Aided by the web of deception he is trying to weave around Attorney General Avichai Mendelblit, Prime Minister Benjamin Netanyahu is now trying to claim that Mendelblit has the country’s fate in his hands. It’s as if the attorney general will be held to account if the country falls prey to the center-left and if Israel’s security, economy and international standing are harmed.
Even if Netanyahu is just a suspect in the three criminal investigations pending against him, Mendelblit has been found guilty. That is because - so the argument goes - the harm done to Netanyahu is marginal compared to the fate of the nation if the attorney general announces his intention to indict the prime minister before the April 9 Knesset election.
Netanyahu is presenting Mendelblit with two options: Either be a patriot, meaning that he is loyal to the prime minister, or that he be considered a terrorist whose intent is to commit an assault on the very heart of Israeli democracy.
But Netanyahu is also offering Mendelblit a way out of this bind. The prime minister’s lawyers are now seeking to defer – not, heaven forbid, to quash – an announcement on Mendelblit’s decision regarding a possible indictment. An announcement on whether or not the attorney general intends to file charges against the prime minister would influence the voters and the election results, Netanyahu’s lawyers say, and from that point the road to the abyss is a short one.
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What they are saying is that the public is deaf and blind and hasn’t read newspapers or watched television over the many months of the investigation, and hasn’t formed any kind of opinion on the allegations against Netanyahu in the corruption cases. It’s an Israeli public that hasn’t gotten wind of the police recommendation to indict the prime minister and is still prepared to give his Likud party at least 30 seats in the next Knesset. It is this voting public that, God forbid, would change its positive opinion of its prime minister.
“We are working to ensure fair play for the prime minister, who is facing an election,“ a battery of lawyers said in a statement, with a straight face, in all seriousness, as if they were truly concerned about fair play.
Fair play? Let’s talk about fair play, the kind where the prime minister isn’t, as a practical matter, the editor in chief of a free daily newspaper that plies election advertising in the guise of news. Fair play of the type that would bar a prime minister’s wife from castigating the editor of a news website over its reporting about her and her husband. Fair play where a prime minister doesn’t appropriate national television air time to grumble about how he hasn’t been given the chance to confront the state witnesses against him.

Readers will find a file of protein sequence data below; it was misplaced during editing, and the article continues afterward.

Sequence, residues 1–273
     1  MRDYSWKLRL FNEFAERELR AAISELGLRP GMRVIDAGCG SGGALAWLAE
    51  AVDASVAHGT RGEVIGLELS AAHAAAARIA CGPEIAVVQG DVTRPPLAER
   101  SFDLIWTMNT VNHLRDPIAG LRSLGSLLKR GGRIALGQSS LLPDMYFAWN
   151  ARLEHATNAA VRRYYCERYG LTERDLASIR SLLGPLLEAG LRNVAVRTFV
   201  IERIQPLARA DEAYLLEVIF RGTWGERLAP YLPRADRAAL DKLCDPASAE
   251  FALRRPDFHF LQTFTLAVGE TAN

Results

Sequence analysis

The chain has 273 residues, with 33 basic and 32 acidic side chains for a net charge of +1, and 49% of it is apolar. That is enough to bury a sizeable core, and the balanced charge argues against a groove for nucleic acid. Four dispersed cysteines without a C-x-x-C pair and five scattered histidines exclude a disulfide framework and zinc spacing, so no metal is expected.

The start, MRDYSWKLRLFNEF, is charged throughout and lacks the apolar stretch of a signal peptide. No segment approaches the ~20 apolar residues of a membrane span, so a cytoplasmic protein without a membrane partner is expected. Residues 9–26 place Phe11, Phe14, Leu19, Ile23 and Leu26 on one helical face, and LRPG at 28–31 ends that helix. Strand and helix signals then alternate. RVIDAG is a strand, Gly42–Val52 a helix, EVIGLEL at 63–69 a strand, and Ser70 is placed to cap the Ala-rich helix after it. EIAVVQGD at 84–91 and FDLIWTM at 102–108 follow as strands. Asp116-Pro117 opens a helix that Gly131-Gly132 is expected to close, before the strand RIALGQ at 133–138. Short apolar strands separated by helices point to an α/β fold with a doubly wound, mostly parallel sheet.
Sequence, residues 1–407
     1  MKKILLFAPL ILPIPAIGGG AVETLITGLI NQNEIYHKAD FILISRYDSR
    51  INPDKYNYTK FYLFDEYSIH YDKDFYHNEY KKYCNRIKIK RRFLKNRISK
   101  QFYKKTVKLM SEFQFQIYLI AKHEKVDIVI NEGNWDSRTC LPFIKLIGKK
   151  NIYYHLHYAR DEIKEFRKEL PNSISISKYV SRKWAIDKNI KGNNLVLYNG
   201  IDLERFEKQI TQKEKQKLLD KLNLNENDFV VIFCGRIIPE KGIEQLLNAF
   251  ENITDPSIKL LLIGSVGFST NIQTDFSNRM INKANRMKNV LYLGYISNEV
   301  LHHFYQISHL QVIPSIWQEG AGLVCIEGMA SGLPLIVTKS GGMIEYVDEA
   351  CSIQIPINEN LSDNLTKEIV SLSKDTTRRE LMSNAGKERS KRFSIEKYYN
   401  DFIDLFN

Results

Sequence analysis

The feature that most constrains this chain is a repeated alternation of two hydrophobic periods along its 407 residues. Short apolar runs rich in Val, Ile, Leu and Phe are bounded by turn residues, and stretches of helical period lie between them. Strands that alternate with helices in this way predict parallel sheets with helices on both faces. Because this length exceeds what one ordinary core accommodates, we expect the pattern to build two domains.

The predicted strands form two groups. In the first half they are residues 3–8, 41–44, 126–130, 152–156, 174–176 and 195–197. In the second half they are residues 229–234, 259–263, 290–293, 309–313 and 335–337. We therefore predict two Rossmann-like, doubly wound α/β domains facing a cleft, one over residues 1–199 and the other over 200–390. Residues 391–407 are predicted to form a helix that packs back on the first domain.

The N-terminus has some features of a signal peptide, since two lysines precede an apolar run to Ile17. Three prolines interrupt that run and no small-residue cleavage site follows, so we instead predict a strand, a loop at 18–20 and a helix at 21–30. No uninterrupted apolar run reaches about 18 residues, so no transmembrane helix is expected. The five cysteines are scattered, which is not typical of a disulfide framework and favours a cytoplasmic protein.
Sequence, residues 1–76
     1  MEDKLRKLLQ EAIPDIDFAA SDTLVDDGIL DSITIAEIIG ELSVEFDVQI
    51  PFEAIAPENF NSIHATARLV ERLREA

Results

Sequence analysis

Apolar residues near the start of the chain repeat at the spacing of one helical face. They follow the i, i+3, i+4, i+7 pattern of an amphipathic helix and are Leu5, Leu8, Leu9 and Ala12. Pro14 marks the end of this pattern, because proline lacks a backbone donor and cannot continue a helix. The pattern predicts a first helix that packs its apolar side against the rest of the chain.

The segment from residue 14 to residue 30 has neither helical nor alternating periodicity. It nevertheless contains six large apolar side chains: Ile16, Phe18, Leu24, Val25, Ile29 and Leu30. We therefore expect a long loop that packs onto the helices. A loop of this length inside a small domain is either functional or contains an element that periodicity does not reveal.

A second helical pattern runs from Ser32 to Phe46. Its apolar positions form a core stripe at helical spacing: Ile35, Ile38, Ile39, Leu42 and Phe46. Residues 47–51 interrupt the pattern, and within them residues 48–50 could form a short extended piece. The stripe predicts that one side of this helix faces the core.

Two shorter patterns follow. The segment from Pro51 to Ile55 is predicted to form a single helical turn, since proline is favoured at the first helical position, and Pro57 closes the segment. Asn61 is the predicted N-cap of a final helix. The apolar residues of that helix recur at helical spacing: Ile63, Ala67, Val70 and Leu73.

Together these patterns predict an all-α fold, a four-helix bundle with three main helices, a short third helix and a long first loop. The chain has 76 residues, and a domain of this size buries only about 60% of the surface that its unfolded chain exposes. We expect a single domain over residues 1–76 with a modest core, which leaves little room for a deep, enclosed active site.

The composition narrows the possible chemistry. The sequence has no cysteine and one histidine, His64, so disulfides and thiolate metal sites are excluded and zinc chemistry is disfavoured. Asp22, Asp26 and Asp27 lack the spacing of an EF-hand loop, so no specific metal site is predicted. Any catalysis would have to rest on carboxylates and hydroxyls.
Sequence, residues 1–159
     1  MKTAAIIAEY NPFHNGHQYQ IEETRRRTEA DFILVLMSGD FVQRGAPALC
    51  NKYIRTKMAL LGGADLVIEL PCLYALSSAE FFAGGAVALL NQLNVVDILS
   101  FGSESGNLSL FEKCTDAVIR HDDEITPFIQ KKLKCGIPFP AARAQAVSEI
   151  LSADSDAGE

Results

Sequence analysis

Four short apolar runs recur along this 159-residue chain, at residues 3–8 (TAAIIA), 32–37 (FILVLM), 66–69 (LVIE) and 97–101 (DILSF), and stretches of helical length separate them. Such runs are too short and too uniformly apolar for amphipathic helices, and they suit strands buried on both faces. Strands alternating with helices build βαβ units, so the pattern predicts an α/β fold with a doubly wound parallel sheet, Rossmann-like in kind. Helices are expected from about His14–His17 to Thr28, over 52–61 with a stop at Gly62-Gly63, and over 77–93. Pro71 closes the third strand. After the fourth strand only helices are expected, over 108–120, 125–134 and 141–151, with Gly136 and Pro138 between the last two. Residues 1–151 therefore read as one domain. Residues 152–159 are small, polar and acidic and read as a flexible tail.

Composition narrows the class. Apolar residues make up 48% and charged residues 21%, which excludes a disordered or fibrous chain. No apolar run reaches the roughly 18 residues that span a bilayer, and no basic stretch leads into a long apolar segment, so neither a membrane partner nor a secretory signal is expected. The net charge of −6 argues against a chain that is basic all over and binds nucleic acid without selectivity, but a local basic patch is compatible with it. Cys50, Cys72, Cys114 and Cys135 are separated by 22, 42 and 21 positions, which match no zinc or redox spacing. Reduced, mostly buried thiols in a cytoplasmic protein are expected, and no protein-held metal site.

If someone has destroyed the rules of fair play and tried to incite public opinion, it’s not the attorney general but rather the suspect, who is hiding behind a mantra that he himself has not been practicing. Nothing in what Netanyahu has done during the many months of the investigation has been fair. Even if he were to come face-to-face with fair play, he wouldn’t know it when he saw it.
“The attorney general isn’t required to share his decision with the public,” suggests the battery of lawyers, which includes retired judges. If the public doesn’t need to know if the prime minister is going from being a suspect to a defendant before it votes on April 9, maybe his trial should also be held behind closed doors and a gag order placed on any information relating to the charges and the verdict. After all, there’s a limit to what the public has the right to know.
It’s an elastic argument that can be extended beyond Israel’s borders. Wouldn’t state security be harmed if the enemy were to know that the prime minister is suspected of corruption? Iran and Hezbollah and Hamas may draw the conclusion that Netanyahu’s public standing has slumped, that he wouldn’t have support if he wished to pursue military operations, because such operations would be seen as a diversion from his criminal case, meaning that this might be a golden opportunity for them to attack Israel.
A baseless argument? Of course, but it’s no less rational and reasonable than the fair play argument. And that’s just the opening act. We should snap up tickets to the gladiators’ match that Netanayhu will put on if Mendelblit doesn’t get the hint.